INVESTIGATING INCEST A N D ITS TABOO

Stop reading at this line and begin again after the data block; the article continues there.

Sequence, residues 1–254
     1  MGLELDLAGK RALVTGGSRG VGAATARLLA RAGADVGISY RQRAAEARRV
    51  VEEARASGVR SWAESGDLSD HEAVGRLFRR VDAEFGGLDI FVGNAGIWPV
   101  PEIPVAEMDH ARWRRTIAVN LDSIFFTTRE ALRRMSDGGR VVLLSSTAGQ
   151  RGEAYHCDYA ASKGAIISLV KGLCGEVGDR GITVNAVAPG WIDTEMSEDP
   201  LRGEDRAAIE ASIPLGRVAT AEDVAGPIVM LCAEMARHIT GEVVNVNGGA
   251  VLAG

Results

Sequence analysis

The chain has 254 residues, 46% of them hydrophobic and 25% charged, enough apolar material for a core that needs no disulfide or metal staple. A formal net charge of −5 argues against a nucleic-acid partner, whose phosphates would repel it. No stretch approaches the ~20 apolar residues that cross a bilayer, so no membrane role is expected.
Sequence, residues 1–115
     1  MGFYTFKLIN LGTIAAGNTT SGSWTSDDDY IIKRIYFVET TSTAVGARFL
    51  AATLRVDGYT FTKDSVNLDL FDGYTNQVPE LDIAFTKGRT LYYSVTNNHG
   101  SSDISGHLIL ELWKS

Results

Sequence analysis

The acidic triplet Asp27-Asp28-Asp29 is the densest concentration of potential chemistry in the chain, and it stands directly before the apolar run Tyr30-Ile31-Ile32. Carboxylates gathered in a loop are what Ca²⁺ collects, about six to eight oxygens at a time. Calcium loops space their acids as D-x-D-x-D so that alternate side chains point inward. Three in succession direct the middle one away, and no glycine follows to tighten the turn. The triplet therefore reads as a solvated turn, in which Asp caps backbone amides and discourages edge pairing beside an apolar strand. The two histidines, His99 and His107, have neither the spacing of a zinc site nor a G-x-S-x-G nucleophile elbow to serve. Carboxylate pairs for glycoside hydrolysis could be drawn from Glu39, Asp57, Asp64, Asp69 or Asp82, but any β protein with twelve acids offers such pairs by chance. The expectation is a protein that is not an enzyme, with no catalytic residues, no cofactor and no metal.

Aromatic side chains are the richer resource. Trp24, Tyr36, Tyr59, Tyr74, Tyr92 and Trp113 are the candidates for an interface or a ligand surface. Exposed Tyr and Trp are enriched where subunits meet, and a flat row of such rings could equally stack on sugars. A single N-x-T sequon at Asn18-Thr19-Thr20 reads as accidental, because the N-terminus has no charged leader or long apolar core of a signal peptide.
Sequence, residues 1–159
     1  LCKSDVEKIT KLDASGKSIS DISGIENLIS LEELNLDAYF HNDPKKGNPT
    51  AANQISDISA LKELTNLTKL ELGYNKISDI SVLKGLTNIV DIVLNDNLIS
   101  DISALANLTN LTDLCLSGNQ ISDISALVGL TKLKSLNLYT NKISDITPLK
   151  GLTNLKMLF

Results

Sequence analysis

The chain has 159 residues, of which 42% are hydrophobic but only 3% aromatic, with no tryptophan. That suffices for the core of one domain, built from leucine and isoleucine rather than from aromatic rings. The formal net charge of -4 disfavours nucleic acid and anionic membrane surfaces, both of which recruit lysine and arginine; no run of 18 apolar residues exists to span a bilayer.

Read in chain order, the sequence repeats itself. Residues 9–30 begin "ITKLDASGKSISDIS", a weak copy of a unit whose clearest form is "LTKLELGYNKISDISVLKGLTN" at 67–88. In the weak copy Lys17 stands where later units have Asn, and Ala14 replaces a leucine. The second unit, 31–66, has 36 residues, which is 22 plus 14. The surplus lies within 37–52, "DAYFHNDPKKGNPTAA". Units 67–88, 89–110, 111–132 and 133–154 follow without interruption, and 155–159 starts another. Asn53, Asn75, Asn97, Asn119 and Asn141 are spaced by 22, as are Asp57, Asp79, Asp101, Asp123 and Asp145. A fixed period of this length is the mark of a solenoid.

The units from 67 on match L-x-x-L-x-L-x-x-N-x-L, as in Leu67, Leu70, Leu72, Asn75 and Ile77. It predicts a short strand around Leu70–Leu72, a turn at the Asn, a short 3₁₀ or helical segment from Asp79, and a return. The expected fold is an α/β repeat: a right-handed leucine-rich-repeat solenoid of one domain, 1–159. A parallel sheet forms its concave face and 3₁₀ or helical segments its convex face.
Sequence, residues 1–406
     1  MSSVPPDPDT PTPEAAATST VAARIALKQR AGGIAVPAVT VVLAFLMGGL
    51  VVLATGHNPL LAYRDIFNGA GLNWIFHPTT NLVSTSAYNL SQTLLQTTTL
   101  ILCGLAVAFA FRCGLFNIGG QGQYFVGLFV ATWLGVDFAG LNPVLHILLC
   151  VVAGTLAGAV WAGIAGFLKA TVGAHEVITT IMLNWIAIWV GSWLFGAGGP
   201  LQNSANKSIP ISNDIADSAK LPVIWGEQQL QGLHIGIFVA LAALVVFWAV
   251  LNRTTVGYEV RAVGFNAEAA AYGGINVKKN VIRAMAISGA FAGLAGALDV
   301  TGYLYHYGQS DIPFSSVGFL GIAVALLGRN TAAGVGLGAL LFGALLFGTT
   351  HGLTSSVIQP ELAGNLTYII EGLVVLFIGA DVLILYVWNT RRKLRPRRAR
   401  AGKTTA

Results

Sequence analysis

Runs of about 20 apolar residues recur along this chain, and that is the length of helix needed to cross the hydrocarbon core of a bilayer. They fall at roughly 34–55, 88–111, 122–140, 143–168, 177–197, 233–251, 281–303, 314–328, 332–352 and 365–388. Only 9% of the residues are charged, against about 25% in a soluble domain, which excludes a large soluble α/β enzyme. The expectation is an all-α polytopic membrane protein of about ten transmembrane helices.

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To investigate incest and its taboo we began with two questions: Is there a cross-cultural incidence of incest? And what attention has been given to incest per se in the existing anthropological literature? To answer the first question, we turned to the Human Relations Area Files (HRAF), surveying the 87 societies (out of over 300 total) selected for the CD-ROM/Web version of January 1998. This sample includes societies from all geographic regions 6 Within this sample, incest is, almost without exception, covered in passing in the context of a larger discussion, usually of marriage and of the overt and explicit rules of exogamy. The following passage describing marriage and incest rules among the Wolof (Senegal) is typical in its focus on the rules of kinship and its avoidance of the topic of sexuality: Like most peoples, the Wolof regard matings between members of the immediate family as incestuous.... By extension, these familial prohibitions apply to all classificatory parents and their children. In addition, a man is prohibited from marrying his father's sister, his wife's sister, widows of his father and of his father's brother, or the daughter of his wife by another man. [Ames 1953.44] The ethnographic brevity of the discussion of incest and its taboo in the HRAF is inconsistent with the theoretical prominence of the topic but, of course, consistent with the wider cultural inattention, particularly in the period (1920s through 1960s) from which most of the ethnographic samples are drawn. Nevertheless, many HRAF accounts represent incest as having an incidence, sometimes in a general way, as in Chagnon's description of the Yanomamo: "The data suggest that incest, far from being feared, is widely practiced" (1967:66); or Fortes's description of the Ashanti: "In the old days it [incest] was punished by death. Nowadays the culprits are heavily fined" (1950:257). Or it is covered in a more specific way, as in Hallowell's description of the Ojibwa: "Although I have no quantitative data for the society as a whole in my sample of twenty-four cases, there are eight cases of parent-child i n c e s t . . . and ten instances of brother-sister incest" (1955:294-295); or Turnbull's description of the Mbuti: "1 asked Kenge what had happened. He looked very grave now and said it was the greatest shame that could befall a Pygmy. Kelemoke had committed incest" (1962:112).